Your question doesn't really make sense in the sense in the flow of the thread. The dealer just tells the buyer not to make a payment on his old car so it gets repossessed. Dealer doesn't take it in trade and the borrower doesn't sell the car, the bank takes it back. No selling takes place by either dealer or borrower, the bank takes it back. It's a bad way to go because the back typically tacks on repossession charges, late fees, etc so that the borrower is worse off than if they just tried to sell it on their own even if it was upside down. It's never a good idea to just let the bank take it unless you're going to declare bankruptcy anyway.

Re: Car loan questions [Re: WagonWheel] #5352171 02/16/20 09:28 PM
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hallstevenson Offline
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Originally Posted by WagonWheel
The lender holds the title (lien) until the debt is paid off, but takes ownership once the borrower defaults. In most states the lender must pay the borrower if they resell the car for more than owed - minus fees. But if there is a balance, the borrower is still liable.

If I have a loan on a car and "sell" it to someone, what title can I give them ? In Ohio, you get a copy of the title, on white paper, and it's only used for registering the vehicle (to get plates). I can sell the car, hand them a copy of that title, but they'll never get it transferred to them without the real title. One could sell the car, send the payoff amount to the lender, and wait for them to process it to get the real title sent. Then the buyer could transfer the title into their name. In a private sale, that's just not gonna happen unless the buyer and seller know each other and accept this arrangement.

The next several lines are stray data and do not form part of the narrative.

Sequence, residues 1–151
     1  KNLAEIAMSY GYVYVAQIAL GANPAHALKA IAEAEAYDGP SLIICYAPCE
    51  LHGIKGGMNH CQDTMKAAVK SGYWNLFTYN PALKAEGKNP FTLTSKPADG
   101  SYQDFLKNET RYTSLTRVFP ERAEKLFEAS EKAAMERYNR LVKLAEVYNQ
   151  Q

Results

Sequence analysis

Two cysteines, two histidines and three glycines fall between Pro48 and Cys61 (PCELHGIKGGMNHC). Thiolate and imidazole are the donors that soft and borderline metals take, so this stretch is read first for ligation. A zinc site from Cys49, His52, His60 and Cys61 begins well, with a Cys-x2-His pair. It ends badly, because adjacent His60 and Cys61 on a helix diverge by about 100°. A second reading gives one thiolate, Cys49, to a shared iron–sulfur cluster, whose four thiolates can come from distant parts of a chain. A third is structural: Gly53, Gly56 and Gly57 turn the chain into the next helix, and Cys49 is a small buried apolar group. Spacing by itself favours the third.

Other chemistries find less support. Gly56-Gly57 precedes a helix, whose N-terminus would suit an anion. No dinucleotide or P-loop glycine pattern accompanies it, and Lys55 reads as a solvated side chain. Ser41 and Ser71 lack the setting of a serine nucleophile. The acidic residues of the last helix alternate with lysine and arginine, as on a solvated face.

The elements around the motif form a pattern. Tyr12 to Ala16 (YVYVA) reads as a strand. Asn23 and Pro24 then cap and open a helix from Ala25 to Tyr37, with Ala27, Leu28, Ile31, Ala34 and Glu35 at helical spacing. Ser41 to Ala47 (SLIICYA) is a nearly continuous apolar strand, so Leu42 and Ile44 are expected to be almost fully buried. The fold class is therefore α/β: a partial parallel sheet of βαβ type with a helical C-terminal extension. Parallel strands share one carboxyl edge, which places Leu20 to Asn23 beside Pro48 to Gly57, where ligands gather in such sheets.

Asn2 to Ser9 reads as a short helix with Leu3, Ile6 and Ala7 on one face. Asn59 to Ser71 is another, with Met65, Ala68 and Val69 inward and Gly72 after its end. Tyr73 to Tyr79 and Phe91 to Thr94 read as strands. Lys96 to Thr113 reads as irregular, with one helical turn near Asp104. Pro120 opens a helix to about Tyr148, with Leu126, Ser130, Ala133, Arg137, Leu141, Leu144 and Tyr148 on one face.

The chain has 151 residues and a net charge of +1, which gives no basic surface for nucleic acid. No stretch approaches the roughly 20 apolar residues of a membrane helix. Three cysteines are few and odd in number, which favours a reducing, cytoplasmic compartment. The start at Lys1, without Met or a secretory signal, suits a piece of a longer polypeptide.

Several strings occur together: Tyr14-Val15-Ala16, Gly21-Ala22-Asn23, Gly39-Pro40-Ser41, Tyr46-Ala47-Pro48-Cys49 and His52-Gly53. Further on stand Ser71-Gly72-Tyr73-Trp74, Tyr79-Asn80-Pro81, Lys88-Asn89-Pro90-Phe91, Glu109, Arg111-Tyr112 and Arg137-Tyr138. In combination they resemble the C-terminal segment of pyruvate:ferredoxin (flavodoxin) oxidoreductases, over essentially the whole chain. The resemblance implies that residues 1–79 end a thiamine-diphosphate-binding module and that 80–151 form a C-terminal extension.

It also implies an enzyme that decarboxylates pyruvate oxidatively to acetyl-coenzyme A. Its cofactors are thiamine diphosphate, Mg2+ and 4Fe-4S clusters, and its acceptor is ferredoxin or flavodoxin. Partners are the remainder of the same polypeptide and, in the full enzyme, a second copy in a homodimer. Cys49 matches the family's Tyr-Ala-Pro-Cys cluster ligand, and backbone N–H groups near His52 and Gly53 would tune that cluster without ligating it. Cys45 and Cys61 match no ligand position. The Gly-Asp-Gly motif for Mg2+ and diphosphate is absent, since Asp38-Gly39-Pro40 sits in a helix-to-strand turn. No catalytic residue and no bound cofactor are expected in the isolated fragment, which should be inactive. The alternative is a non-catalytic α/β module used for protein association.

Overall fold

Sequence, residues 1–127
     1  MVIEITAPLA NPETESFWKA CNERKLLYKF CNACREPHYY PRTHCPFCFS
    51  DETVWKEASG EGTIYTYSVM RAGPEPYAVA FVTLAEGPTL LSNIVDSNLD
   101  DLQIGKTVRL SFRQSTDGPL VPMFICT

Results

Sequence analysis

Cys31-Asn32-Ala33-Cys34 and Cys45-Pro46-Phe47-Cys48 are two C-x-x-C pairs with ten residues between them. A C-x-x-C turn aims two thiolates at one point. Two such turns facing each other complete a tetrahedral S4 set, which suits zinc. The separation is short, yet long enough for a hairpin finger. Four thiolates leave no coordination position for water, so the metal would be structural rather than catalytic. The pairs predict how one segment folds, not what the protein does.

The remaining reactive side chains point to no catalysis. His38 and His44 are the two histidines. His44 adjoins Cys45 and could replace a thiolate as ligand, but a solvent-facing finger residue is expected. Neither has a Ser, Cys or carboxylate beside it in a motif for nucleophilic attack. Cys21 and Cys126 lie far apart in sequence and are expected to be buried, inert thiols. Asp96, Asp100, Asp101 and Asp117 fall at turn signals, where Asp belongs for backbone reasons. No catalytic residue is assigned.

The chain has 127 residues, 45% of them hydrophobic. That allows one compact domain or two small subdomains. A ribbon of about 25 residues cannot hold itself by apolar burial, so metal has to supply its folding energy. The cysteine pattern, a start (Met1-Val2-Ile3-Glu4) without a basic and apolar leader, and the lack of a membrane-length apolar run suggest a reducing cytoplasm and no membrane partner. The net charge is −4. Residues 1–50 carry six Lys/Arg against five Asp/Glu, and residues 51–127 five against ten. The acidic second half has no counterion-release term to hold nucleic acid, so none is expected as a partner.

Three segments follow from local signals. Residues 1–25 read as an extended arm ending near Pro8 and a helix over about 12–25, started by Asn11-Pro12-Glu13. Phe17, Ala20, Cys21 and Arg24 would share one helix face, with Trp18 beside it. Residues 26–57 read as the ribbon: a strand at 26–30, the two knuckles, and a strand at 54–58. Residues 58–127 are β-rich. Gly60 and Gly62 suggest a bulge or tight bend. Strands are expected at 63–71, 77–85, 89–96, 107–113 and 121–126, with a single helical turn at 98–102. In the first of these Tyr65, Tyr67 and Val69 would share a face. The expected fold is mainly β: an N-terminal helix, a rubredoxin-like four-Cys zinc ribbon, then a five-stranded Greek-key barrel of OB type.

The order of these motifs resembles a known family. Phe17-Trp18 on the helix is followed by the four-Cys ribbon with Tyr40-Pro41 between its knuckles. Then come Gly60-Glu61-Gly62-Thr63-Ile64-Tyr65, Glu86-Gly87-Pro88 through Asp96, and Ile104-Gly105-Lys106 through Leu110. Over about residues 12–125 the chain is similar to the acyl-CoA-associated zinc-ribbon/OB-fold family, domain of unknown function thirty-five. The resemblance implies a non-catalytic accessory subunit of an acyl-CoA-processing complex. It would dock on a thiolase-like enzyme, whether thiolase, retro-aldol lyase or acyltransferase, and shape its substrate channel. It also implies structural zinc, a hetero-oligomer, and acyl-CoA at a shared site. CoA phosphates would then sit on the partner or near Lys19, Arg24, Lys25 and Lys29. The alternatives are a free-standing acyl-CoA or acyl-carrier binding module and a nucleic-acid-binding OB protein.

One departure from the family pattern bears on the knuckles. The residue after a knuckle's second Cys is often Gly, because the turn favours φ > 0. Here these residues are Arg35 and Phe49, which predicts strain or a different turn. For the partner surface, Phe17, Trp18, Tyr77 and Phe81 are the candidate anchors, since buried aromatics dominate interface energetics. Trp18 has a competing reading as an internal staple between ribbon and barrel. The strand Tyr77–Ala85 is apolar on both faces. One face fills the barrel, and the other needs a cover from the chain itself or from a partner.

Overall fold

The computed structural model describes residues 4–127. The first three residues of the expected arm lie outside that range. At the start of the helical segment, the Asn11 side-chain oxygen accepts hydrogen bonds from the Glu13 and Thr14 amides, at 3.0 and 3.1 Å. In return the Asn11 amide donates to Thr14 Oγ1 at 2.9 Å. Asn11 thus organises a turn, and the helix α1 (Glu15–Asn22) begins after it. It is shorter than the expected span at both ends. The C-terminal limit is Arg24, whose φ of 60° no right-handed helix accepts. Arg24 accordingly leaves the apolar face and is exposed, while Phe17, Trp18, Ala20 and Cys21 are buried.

Now, if I am buying a car through a dealer and owe money, they're generally okay with this as long as the new lender will roll the payoff cost into the new loan. In fact, that's advantageous to the dealer as they finance even more and get more kickback money from the new lender. They have to sit on that trade-in until the original lender gets their money and sends them the title too but to a dealer, that's probably routine.

Re: Car loan questions [Re: Kira] #5352175 02/16/20 09:33 PM
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Originally Posted by Kira
72 months is way too long.
Finance people cite car loan lives of 5, 6 and 7 years (60, 72 and 84 months) as a bad indicator one's economic health.
And, more and more, people are opting for these terms.
Not good.


You are OK with 72 months on a new car-that's well within 100,000 miles at the average miles per year. Used is another story.

Re: Car loan questions [Re: Wolf359] #5352182 02/16/20 09:35 PM
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hallstevenson Offline
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Originally Posted by Wolf359
Your question doesn't really make sense in the sense in the flow of the thread.

I misunderstood part of it. I didn't realize they meant the lender selling the car after they had repossessed it, as in there was $5000 outstanding on the loan and they sold it for $4000, they still want the "missing" $1000. Titles, new buyers, etc aren't a factor in that case.